Today we conferred with Swoop, and Futrli to get the most up-to-date information on the government’s most recent scheme the Bounce Back Loan.
Andrea Reynolds the founder and CEO of Swoop, a leading UK funding platform, and Helen Cockles the COO of Futrli, the UK’s leading cash flow forecasting and reporting software, gave us an update on this new scheme for funding small businesses through the current crisis.
What we already knew
The ‘Bounce Back Loan’ is a fast-track loan for smaller companies. As a default, it is interest-free for 12 months and comes with an initial 12-month capital repayment holiday.
It is re-payable over six years and companies can apply for a loan in the amount of 25% of turnover up to a maximum of £50,000.
To qualify the borrower must satisfy the following criteria:
- Be UK based
- Negatively impacted by COVID-19
- Not be an undertaking in difficulty as of 31st December 2019
What we learned
The discussions around applying for the loan and accessing funds came with boilerplate warnings and these were as follows:
- The scheme was announced on the 27th of April and banks are being asked to implement the solution by the 4th of May, just one week later. A new financial product typically takes around 12 months to develop and bring to market. As a result, there will most certainly be a disconnect between the government’s marketing ploy and the banks’ ability to react and implement.
- So whilst the official open date for small business owners to apply for the bounce back loan is Monday 4th May, it is very likely that many traditional lenders will not be ready to start processing applications and depositing funds within the 24 hours promised by the government by Monday.
- Banks are in fact in talks with the treasury today seeking indemnities from future regulatory fines and lawsuits that may arise as a result of being forced to lend outside their normal obligations to do so responsibly.
- It seems perverse that at a time when the UK government has abandoned the classical liberal traditions of the nation and opted for central planning in this instance deregulation is the desired solution.
- Whilst the government will be relying on traditional lenders and the big banks to support the scheme, there seems to be a feeling that alternative lenders are better placed to react to the demands of the consumer and may well be able to make offers and deposit funds in a more timely and responsive way.
What will you need to process an application?
It is unchartered territory where brokers, banks and consumers are currently doing their best to read between the lines but as an estimate here is what you might expect:
- No financial forecast is required (unlike with CBILS)
- A description of the business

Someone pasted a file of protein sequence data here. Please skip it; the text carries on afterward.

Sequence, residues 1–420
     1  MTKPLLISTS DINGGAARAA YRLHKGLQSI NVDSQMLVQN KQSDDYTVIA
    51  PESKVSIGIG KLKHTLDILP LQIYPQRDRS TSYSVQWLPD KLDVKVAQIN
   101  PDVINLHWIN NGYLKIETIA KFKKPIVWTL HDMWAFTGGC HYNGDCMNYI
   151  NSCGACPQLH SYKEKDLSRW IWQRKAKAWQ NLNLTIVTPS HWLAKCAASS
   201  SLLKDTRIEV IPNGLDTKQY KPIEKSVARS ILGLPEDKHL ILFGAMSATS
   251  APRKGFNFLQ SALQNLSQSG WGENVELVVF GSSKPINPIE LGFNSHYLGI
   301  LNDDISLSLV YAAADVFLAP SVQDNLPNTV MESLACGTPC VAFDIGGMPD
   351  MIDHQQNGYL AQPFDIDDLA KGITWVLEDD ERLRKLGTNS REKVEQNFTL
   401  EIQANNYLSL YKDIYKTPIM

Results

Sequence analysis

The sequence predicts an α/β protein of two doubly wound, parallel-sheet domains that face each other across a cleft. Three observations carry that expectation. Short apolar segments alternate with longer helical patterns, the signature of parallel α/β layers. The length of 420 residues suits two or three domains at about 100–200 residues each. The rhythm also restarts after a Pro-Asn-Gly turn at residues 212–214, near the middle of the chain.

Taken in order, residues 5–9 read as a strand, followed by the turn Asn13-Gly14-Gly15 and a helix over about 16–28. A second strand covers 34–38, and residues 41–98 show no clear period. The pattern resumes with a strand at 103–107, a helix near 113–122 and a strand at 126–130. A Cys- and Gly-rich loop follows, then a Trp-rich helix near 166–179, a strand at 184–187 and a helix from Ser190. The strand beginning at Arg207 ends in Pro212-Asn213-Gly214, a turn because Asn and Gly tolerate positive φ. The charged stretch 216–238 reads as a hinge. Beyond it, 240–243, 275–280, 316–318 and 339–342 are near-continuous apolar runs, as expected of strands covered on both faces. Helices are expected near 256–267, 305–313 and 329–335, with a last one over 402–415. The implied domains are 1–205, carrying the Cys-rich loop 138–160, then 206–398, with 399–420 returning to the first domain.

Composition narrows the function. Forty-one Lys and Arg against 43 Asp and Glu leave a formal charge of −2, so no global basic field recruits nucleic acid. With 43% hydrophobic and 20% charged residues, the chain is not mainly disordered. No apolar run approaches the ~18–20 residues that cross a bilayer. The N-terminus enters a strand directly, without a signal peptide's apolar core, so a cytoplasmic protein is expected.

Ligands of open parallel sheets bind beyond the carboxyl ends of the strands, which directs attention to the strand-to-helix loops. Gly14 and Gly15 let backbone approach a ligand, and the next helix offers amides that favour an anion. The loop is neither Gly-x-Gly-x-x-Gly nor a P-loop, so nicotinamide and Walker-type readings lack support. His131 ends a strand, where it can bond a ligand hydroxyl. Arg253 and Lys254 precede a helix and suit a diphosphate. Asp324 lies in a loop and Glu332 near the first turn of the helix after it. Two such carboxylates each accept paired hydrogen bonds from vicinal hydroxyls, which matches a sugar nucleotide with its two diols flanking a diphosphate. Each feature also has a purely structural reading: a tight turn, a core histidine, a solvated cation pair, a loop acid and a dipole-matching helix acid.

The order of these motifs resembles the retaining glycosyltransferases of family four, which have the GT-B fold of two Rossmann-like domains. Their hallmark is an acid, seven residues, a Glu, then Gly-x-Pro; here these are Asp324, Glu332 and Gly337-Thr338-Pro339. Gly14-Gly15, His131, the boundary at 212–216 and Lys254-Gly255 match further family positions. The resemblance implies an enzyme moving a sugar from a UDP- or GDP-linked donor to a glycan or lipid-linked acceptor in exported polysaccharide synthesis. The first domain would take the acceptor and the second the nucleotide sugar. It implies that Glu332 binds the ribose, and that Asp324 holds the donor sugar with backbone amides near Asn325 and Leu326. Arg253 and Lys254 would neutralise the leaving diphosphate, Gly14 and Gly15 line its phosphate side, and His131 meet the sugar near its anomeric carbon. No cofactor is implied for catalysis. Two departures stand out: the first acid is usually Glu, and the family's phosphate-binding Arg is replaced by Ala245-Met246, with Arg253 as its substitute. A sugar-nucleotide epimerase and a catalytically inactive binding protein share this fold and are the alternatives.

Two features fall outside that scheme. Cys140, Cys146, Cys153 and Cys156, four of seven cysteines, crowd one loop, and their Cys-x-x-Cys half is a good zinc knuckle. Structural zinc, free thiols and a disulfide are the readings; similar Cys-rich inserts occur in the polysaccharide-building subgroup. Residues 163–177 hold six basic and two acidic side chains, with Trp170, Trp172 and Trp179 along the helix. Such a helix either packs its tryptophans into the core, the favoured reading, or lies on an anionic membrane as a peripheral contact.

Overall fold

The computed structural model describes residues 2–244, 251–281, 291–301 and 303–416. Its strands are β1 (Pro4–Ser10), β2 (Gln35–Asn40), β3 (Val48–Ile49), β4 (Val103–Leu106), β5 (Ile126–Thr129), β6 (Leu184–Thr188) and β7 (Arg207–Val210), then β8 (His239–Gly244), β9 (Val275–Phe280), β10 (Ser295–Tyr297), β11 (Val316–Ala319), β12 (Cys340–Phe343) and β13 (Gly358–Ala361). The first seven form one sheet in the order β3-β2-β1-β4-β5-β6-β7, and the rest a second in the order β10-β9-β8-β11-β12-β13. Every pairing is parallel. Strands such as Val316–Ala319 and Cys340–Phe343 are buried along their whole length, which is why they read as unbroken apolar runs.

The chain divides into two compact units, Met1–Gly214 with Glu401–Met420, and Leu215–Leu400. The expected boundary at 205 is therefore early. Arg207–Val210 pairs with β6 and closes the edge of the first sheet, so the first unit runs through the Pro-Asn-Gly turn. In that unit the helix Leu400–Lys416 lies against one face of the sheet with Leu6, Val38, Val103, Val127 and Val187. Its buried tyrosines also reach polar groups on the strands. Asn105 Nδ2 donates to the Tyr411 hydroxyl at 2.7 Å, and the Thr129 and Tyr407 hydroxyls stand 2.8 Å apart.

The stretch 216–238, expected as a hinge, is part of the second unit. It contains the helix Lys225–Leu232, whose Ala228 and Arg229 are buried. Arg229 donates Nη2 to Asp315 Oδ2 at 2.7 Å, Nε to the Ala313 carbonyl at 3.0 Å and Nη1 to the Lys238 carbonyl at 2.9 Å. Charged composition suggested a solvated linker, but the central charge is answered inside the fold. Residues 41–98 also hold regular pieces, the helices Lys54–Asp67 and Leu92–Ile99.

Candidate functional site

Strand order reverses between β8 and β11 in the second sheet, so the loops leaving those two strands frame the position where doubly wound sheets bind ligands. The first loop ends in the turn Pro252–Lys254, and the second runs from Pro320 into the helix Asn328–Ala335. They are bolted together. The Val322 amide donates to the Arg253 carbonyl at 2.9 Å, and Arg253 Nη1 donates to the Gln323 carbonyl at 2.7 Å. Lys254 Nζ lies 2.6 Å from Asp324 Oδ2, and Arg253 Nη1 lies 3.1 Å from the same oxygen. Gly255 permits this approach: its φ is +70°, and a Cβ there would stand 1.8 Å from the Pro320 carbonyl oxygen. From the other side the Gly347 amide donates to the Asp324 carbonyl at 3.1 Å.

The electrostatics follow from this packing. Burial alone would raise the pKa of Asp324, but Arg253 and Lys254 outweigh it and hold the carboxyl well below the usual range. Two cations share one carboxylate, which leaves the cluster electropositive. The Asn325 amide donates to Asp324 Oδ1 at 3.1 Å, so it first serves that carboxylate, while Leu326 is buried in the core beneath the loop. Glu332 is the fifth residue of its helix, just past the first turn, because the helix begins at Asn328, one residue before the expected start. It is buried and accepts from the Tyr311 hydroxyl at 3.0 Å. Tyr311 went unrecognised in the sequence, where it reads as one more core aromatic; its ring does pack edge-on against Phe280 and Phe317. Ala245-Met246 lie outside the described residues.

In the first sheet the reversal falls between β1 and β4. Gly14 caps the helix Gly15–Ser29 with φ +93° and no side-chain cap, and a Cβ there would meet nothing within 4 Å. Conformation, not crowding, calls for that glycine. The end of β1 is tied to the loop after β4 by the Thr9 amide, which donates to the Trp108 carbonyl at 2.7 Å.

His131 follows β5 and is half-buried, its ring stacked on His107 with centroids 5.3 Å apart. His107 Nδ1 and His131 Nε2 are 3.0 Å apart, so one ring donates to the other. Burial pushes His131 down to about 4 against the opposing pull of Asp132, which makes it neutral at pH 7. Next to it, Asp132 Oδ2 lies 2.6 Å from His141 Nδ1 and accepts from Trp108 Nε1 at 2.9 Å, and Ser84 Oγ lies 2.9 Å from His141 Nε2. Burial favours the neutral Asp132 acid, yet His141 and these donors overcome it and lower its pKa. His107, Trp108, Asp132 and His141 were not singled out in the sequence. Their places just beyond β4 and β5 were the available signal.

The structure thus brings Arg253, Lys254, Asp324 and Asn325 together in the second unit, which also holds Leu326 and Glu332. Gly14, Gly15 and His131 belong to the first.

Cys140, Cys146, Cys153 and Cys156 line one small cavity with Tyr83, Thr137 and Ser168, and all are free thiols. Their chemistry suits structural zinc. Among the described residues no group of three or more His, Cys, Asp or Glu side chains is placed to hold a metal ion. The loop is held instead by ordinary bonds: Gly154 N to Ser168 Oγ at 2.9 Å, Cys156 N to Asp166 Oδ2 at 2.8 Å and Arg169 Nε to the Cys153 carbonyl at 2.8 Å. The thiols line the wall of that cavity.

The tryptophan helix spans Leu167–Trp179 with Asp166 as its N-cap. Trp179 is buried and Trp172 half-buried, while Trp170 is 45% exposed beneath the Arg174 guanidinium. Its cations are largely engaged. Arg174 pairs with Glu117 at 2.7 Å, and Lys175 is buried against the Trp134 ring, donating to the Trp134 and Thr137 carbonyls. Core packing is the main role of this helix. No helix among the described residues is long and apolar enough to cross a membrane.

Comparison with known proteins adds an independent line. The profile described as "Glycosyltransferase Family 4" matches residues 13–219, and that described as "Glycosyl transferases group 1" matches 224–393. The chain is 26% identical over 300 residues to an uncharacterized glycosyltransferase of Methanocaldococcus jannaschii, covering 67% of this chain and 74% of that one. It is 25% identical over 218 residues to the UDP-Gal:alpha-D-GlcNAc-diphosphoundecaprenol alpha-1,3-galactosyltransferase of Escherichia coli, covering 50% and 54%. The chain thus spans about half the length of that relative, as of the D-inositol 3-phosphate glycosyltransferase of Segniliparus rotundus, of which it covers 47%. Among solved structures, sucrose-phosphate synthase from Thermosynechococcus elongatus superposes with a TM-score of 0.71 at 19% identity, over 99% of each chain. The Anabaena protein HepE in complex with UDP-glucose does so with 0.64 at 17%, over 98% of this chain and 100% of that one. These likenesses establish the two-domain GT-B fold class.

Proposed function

- A description of how it has been and will be impacted by COVID-19 as the nation moves forward
- Statutory Accounts and/or up-to-date Management Information
- Banks Statements
How will banks arrive at your turnover figure?
This has not been specified but it is likely they will use turnover up to 31st December 2019 or prior year statutory accounts.
Can you apply for multiple entities?
Yes, as long as those entities are not part of the same group.
Do existing loans make you ineligible for the bounce back loan?
This has not been specified but the scheme is not intended to be used by companies needing to refinance.
What is ‘an undertaking in difficulty’?
In all likelihood, banks will be looking at the company’s balance sheet to assess whether at 31st December 2019 the company has a net asset position and could thus be judged as solvent.
You will be asked to self-certify that there were no events after 31st December that would change this position.
I had a negative balance sheet in December but it’s positive now, can I claim?
This has not been specified although it would be reasonable to assume that banks may choose to strictly adhere to the criteria for fear of not being guaranteed or indemnified by the government if they stray outside of the defined criteria.
This will in the end come down to the lender.
Can I apply for the bounce back loan and CBILS?
In fact, the introduction of the bounce back loan means that you can now access up to £300,000 in loan finance without needing to personally guarantee the debt.
Under the CBILS scheme, you can access up to £250,000 without a personal guarantee and the bounce back loan can top that up by an additional £50,000 PG free.
If you are one of the lucky few to have received a loan under the Business Interruption Loan Scheme you may find your bank call you to refinance £50,000 of it under the bounce back loan to reduce their own exposure to risk.
One top tip
If you are not planning to use your accountant, advisor or broker to apply for these loans and are going it alone then a focussed and patient approach will give you the best chance of success.
Do not apply to half a dozen lenders at the same time. Each of them will perform a hard credit check and reduce the credit score of the company to such a level that you will not get borrowing.
Apply to one lender wait for a response and then a few weeks later apply to the next.
Avoid damaging the credit rating of your business and give yourself the best chance at success.